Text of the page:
With new album, Kylie stays “Golden”

Kylie Minogue experiments with country, EDM and pop fusion with her new album, Golden.

Liberator Music

Kylie Minogue experiments with country, EDM and pop fusion with her new album, “Golden.”

Dakota McGranahan, Co-Photo Editor

Emulating the likes of Gwen Stefani, Britney Spears and Madonna, Kylie Minogue revitalizes the sound of past pop divas into a fresh and modern new album.


Kylie Minogue outshines the rest in her album “Golden,” and redefines what it means to be an icon. With the influences of country and EDM, “Golden” touches upon the more fragile side of Minogue in a light-hearted and celebratory tone.


“Stop Me from Falling” is one of the most noticeable style changes Minogue undergoes in her new album, as she combines common pop beats with country lyrics and soft banjo strings in a song where Kylie’s collide.


However on the album’s titular track, “Golden,” Minogue accomplishes something never before attempted by the previous pop artist: a powerful ballad. Amongst all of the reinvention, Minogue manages to capture a glimpse of simplicity through her lyrics and lullaby-like voice.


But sharp pivots are not unfamiliar to Minogue. It comes as no surprise that within her 30-year career Minogue has put on a variety of acts for the different phases of her life. “Golden” ties them all together, spanning an eclectic collection of genres in each song.


She has been reinventing herself with every album, but “Golden” outshines them all. With a fresh look and sound, she’s still the same sweet and sensual Kylie we all once knew in “Can’t Get You Out of My Head,” yet more refined, free-spirited and honest than before.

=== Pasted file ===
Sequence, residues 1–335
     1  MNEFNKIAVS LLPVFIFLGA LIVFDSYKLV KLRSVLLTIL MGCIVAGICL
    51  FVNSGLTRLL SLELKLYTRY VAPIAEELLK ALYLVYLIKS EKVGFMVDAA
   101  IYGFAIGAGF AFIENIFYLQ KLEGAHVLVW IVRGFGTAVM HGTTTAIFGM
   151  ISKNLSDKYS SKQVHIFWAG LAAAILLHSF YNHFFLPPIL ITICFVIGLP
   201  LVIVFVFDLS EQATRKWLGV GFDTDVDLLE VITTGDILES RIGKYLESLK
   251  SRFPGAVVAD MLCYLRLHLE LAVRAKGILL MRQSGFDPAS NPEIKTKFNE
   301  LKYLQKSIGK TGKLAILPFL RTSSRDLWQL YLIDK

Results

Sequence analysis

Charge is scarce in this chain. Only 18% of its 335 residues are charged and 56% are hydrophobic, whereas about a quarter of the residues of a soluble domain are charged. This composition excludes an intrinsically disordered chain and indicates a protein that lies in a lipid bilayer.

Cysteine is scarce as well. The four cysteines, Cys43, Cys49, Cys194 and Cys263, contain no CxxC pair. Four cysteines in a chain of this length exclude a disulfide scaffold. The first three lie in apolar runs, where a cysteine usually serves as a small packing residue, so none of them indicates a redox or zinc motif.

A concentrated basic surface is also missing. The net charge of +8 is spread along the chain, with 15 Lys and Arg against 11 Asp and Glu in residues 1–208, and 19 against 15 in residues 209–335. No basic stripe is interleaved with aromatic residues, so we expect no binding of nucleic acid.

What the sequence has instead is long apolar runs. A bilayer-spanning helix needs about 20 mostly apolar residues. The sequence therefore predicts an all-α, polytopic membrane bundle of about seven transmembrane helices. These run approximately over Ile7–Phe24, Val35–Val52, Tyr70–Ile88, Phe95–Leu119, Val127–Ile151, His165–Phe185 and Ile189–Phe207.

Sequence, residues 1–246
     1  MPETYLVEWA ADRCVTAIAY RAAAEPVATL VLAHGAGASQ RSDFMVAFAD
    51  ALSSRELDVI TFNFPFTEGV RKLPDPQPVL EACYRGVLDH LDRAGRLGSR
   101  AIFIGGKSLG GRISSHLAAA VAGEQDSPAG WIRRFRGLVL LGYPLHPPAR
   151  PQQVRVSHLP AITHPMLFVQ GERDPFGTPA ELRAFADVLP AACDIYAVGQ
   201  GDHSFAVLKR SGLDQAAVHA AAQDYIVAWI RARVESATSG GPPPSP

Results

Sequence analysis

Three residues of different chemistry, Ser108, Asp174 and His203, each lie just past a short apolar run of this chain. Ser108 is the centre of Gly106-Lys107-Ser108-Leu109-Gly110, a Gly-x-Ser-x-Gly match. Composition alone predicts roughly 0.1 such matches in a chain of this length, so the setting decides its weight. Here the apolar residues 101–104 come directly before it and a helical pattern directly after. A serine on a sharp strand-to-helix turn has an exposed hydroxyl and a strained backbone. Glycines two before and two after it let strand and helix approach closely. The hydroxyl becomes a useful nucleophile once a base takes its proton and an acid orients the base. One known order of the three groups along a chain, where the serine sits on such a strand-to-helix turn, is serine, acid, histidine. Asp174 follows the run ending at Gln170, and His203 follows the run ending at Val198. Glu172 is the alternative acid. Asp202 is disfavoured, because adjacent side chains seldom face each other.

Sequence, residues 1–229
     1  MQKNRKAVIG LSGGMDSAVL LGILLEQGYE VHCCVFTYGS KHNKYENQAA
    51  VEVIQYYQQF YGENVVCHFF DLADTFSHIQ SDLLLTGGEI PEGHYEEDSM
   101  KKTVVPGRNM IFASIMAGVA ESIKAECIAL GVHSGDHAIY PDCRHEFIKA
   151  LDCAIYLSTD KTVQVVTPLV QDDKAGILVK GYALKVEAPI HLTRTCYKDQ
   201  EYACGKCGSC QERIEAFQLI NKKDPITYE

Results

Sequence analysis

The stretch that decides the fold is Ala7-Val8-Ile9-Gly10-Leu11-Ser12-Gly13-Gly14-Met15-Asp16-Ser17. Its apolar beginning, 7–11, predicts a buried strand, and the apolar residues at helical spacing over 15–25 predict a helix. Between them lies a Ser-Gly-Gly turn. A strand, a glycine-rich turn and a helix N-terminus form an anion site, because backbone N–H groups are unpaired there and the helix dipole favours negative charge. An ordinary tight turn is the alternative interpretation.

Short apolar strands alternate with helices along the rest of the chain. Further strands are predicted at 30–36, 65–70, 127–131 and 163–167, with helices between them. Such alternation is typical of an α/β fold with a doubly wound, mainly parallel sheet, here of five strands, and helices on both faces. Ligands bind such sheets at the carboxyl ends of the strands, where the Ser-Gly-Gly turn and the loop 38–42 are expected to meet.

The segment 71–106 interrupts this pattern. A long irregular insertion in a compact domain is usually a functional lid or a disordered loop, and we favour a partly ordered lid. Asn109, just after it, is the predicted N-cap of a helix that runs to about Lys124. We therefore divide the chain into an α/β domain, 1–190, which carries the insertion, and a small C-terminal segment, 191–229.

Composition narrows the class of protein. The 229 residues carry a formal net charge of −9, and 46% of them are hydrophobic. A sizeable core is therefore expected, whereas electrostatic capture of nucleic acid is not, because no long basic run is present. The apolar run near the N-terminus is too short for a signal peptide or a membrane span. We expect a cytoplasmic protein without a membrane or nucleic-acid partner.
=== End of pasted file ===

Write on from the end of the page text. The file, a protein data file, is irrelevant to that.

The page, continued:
In “A Lifetime to Repair,” she mixes common country twang with house bass drops as she depicts her broken heart after another failed relationship.


“How I wish I never cared, been turned and twisted, oh I swear,” she sings in between an abrupt bass drop and soft fiddle, in a Kylie-esque style only she can pull off.


“Golden” is the culmination of heartbreak, new beginnings and fresh starts that Minogue embodies with her own persona.


After an emotional breakdown and a retreat from stardom, Minogue re-emerges from the darkness brighter than ever. Her new, sparkling and inspiring persona shines through in songs like “Live a Little” and “Dancing.”


Both the lyrics and tone of track compliment this new Kylie, showing off her free-spirited personality and let-it-go mindset.


But in “Shelby ‘68” Minogue shifts gears once more. The rocky waters of love appear to be smooth sailing to Minogue as she sings about the sweet simplicity of life.


This small window into her life reveals her country roots, rock-and-roll soul and pop persona that shine through every crevice of “Golden,” but most importantly it reveals the true thesis of the album: Kylie’s fighting spirit and forgiving heart.


Opinion aside one thing is true: Minogue is riding the increasingly popular trend of mixing genres.


In November of 2017, Taylor Swift released “reputation,” an album that mixed pop music with hip-hop and rap rhythm, and in March XXXTENTACION released “?” an album that unequivocally collides pop and rap culture.


So while Minogue’s country phase may be short-lived, it will be forever cherished.